California Attorney General Kamala Harris participates in TheWrap's "The Power Of Leadership" brunch at Scarpetta on December 13, 2012 in Los Angeles, California.
If California Attorney General Kamala Harris is the nation's "best-looking attorney general," as President Barack Obama said last week (before apologizing, but not retracting), she's also the most up-and-coming attorney general in the country.
Politically, of course.
Harris, 48, has had her profile increased since Obama's comments at a fundraiser in Atherton last week, according to the San Jose Mercury News. Which is hard to do -- when you're known to Time magazine as "the female Barack Obama," and the New York Times names you as among the women most likely to become president.
According to "most experts," it is "only a matter of time" before the upwardly-mobile Harris -- daughter of Stanford professors who catapulted from an assistant district attorney job in Alameda County to elected district attorney to attorney general in 20 years -- moves onto a new job, "perhaps to succeed U.S. Attorney General Eric Holder, some have speculated, or even to the U.S. Supreme Court," the newspaper reported.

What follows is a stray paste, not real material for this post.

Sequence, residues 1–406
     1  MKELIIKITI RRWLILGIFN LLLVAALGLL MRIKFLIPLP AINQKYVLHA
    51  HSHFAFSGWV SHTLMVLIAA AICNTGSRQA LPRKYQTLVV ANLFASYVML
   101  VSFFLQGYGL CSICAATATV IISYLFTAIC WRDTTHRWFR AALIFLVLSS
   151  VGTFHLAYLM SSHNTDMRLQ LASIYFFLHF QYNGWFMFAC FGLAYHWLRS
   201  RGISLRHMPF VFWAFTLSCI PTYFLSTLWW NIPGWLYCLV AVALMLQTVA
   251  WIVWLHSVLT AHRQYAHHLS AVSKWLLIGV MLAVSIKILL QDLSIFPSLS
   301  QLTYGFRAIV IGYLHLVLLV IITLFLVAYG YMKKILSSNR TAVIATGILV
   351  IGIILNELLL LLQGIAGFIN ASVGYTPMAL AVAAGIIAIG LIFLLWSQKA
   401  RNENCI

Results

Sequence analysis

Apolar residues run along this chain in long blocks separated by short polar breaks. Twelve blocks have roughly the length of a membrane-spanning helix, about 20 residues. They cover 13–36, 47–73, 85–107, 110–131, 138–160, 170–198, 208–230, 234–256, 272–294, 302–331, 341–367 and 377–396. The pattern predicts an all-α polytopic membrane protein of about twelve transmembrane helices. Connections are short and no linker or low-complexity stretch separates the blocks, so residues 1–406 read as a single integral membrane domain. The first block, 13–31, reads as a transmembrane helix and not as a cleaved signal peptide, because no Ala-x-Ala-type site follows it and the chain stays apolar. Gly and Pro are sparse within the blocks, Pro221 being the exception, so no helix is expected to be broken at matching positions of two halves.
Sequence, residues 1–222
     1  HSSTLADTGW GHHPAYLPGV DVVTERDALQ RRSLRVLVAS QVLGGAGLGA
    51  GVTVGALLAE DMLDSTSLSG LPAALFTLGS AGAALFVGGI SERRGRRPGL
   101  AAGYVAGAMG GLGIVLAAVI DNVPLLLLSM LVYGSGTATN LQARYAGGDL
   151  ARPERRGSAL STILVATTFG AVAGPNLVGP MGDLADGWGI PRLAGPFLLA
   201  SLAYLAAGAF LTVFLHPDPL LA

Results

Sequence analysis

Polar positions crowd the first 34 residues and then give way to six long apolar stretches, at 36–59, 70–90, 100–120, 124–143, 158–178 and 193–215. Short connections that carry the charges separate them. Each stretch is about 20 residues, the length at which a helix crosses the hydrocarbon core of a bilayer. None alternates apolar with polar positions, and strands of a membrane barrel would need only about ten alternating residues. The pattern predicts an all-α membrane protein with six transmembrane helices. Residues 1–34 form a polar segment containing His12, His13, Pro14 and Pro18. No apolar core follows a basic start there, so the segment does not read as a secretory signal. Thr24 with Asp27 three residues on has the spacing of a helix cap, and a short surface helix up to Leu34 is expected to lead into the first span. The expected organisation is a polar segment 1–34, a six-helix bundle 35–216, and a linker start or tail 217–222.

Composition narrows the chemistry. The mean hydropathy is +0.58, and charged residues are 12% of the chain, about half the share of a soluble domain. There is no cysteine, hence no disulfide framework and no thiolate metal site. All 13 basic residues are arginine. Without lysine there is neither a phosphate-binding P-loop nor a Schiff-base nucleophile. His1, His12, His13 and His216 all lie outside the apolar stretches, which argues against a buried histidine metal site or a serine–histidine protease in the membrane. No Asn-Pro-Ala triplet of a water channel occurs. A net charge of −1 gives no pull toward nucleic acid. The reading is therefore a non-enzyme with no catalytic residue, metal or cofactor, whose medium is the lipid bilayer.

"Her name ID probably went up in Southern California," said Stanford political science professor Bruce Cain, who noted it is better to be Kamala Harris than it is to "be Janet Reno" in Hollywood.
She has a record to run upon, too. While she angered law enforcement in San Francisco for famously not seeking the death penalty againt a cop-killer, she has made big moves against big banks, mortgage companies and other populist targets while in Sacramento.
She's also clearly close in line with the policies of her friend the president, for whom she campaigned heavily in 2007 and 2008: she filed briefs in support of Obamacare and Obama's repudiation of same-sex marriage ban Proposition 8 is in line with her stance to not defend the law.
In other words, it appears to be going nowhere but up for Harris.